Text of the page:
NSW has become the last Australian state to legalise voluntary assisted dying after a marathon debate in the upper house overnight.
The push to pass voluntary assisted dying legislation in NSW was spearheaded by independent MP Alex Greenwich who told The Guardian that this landmark moment “finally passed a threshold of honesty and compassion,” for people of the state.
“Honesty that not all people die well, and compassion that people with advanced and cruel terminal illnesses will have the same end of care options as those in every other state,” he said.
Voluntary assisted dying will now be an available option for NSW residents who have been diagnosed with a terminal illness and have a life expectancy of less than six months, and those that have a life expectancy of less than 12 months who are living with a neurodegenerative condition and experiencing unbearable suffering.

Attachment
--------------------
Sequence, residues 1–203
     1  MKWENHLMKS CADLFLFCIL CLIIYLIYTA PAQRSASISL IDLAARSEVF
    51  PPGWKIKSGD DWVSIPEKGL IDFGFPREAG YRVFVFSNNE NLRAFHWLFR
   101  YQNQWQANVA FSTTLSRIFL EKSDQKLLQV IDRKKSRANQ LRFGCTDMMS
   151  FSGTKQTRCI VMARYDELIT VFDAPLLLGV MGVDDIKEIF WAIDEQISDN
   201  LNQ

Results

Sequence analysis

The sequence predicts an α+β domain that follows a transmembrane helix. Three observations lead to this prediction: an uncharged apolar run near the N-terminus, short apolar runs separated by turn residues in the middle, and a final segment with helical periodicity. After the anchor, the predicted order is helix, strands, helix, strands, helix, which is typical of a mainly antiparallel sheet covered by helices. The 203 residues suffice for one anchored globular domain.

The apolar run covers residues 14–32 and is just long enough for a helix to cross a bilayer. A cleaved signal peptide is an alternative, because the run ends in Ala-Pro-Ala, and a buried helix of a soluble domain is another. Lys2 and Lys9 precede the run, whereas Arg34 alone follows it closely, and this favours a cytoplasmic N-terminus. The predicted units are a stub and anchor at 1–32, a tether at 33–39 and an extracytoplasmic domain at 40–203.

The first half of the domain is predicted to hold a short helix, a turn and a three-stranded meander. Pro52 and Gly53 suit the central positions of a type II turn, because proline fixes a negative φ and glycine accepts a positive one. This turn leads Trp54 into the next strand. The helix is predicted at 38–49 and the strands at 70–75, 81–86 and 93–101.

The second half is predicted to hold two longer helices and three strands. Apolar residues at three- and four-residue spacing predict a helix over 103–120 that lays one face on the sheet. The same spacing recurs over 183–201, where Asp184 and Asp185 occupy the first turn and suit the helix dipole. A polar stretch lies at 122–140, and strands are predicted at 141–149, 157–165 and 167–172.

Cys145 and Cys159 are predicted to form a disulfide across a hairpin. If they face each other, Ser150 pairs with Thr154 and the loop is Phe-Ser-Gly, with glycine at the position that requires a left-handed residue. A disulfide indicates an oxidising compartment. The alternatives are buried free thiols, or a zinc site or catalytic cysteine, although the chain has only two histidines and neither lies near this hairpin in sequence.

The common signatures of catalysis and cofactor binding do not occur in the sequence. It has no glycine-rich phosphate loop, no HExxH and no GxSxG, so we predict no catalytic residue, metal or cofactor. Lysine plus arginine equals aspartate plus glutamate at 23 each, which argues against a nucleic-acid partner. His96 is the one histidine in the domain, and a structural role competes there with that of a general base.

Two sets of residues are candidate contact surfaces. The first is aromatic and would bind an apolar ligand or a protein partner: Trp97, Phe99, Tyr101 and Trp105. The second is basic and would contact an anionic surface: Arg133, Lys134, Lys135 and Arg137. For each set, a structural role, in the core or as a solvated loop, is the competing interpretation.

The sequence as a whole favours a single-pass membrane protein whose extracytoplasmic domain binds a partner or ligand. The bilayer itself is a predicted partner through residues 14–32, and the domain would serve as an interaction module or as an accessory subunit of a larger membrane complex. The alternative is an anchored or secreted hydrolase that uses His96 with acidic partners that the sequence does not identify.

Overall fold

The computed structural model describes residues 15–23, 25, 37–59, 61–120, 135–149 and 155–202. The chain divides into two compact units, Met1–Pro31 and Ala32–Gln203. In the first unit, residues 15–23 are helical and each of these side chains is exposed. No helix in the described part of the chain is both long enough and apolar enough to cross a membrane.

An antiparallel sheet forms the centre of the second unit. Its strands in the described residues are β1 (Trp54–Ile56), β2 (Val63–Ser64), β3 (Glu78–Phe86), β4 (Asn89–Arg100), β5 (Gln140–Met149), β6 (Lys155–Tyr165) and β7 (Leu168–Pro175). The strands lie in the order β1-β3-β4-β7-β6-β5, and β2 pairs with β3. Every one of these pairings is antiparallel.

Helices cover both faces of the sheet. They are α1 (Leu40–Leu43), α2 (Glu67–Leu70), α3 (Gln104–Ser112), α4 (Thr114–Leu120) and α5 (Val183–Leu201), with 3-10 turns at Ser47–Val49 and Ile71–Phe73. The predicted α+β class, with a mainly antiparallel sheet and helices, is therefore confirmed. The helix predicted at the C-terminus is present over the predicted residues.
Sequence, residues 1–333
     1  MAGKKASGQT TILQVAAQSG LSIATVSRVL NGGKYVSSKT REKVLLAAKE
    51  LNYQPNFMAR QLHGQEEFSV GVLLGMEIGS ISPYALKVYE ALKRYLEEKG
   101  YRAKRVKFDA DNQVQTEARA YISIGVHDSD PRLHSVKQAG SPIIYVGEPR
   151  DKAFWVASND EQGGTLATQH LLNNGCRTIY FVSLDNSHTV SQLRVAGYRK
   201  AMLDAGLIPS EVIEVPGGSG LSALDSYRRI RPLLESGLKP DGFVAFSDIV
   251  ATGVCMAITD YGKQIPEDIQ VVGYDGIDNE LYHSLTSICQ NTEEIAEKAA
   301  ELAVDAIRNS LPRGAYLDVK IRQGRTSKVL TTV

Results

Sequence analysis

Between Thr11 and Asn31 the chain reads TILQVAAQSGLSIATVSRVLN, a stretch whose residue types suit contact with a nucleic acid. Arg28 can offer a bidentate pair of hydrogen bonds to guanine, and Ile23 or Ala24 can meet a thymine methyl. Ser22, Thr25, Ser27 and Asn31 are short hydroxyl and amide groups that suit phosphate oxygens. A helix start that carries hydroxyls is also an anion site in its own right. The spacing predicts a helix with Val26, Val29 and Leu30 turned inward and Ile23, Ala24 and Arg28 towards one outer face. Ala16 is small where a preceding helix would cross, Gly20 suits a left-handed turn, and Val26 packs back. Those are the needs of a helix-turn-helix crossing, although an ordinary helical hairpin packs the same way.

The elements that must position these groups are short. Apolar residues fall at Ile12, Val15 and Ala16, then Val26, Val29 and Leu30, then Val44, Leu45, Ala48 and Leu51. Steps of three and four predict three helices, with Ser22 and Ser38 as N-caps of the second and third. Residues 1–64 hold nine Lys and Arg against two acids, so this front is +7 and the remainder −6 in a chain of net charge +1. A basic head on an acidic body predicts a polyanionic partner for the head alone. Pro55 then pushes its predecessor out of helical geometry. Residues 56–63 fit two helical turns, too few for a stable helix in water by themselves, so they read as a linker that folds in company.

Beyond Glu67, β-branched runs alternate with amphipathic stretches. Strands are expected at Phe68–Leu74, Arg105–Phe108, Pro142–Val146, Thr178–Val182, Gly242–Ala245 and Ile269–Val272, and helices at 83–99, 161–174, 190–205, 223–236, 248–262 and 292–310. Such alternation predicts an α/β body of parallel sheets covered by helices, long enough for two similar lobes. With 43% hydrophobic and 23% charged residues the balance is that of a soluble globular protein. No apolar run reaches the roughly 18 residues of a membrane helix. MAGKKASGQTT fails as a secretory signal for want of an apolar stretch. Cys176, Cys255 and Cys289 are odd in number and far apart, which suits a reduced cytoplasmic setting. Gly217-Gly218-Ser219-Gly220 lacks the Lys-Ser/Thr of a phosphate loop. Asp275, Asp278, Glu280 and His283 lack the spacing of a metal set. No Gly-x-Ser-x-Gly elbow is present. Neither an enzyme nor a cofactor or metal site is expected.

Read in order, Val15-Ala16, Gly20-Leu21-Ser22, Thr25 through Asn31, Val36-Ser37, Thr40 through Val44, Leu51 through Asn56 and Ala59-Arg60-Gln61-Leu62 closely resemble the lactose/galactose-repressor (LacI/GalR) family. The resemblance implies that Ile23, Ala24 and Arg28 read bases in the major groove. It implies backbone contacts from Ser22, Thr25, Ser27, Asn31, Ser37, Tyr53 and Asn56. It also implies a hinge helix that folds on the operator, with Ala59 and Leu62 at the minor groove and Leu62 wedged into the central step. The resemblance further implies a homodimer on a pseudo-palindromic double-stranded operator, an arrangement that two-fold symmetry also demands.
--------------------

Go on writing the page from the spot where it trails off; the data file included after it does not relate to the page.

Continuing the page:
The bill first passed the NSW lower house more than six months ago, despite public opposition from NSW Premier Dominic Perrottet.
However, the bill passed through the state’s upper house today at 12.30pm after a long night of deliberation that yielded over 90 amendments.
Although voluntary assisted dying is now legal in all Australian states, both the Northern Territory and the ACT currently have laws in place that prevent them from making voluntary assisted dying legal in their region.
It’s now for the federal parliament to give the territories the same ability to pass the same laws,” said Mr Greenwich.
NSW Employee Relations Minister, Damien Tudehope, opposed the passing of the bill and stated that the bill “betrayed” people suffering from terminal illness.